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An Introduction to SQL Server Integration Services: Part 1 (Control FLow and Data FLow Overview)

  • 27 March 2012
  • Author: RCharCox
  • Number of views: 5220
  • 0 Comments

This is the first installment of a series that I, a beginning user of SSIS and general novice to the tech industry, will use to both dive deeper into understanding this essential service from Microsoft as well as to educate those who, like me, need a higher level of explanation when it comes to this IT stuff.

 

SSIS performs data migration tasks, which, in layman's terms, is the transferring of data between storage types, formats, or computer systems.  For example, it takes a report that you generate using TSQL and saves it as a file that can be accessed by users around the company. 

 

When working with SSIS, the solution is the main directory for what you're working on.  In each solution, there is a project.  Projects can contain several objects, like SSIS packages or reports in SSRS.  As with all BIDS projects, when using SSIS you will have several windows to use:  The properties window, the toolbox, and the solution explorer are but a few.  Many people refer to SSIS packages as being similar to building with legos:  There are a lot of different pieces you can use to manipulate the data, and they all fit together somehow.  An SSIS Package starts out with a Control Flow.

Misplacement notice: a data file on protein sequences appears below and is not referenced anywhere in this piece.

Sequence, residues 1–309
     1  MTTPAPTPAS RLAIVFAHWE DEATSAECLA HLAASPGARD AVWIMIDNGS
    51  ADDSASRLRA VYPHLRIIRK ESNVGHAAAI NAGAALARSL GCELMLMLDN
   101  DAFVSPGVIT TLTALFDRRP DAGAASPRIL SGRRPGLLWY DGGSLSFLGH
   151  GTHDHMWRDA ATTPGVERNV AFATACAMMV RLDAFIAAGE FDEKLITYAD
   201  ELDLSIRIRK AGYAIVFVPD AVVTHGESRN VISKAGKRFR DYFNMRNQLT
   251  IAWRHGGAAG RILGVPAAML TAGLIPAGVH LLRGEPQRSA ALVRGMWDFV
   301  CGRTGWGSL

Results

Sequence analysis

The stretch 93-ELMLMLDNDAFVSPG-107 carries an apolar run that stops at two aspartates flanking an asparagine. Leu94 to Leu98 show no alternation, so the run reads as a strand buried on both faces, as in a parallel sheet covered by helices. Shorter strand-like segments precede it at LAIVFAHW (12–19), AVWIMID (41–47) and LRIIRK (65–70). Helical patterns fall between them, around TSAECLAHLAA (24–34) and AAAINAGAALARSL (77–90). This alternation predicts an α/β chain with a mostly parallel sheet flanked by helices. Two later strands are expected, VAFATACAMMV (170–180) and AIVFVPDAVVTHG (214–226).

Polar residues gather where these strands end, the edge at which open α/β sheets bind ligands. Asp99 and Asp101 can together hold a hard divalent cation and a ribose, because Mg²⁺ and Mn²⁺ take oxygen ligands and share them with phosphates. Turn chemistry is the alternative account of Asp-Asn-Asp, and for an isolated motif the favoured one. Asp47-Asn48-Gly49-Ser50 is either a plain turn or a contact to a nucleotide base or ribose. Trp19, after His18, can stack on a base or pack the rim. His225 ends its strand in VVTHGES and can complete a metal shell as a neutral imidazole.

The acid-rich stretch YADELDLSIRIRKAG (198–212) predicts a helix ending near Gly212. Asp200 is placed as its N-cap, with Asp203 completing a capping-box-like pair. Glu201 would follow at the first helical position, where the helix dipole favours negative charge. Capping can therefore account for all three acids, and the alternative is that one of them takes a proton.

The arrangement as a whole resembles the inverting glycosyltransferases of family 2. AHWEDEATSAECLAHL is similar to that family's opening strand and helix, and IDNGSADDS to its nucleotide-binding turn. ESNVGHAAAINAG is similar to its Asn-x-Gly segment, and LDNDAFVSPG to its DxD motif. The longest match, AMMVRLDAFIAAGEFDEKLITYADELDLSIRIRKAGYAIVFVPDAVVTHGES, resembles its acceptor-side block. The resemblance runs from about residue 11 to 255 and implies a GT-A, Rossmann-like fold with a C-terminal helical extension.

These are made up of three basic elements:  a container, tasks that provide functionality, and precedence constraints that connect the executables, containers, and tasks into an "ordered control flow."  A control flow can have several tasks, although they are usually kept to as few tasks as possible for simplicity's sake.  Some examples of the basic tasks that come with MS BIDS are the "Execute SQL" task, "File System" task, and "Data Flow" Task. 

 

The data flow is used to automate the process of backing up files, pushing data to the users, or generating the reports needed by the users.   Each data flow consists of, logically, a source, some sort of transformation, and a destination.  The source points to the original file, database, or spreadsheet, which is then taken and transformed (by several means, like filtering out data, altering it through a derived column to standardize the results, joining two or more data sources, or even something as simple as doing a row count or aggregation function), and then deposited into a destination, which could be a new table in a database, an excel spreadsheet, or a flat file like a .txt, to name a few.

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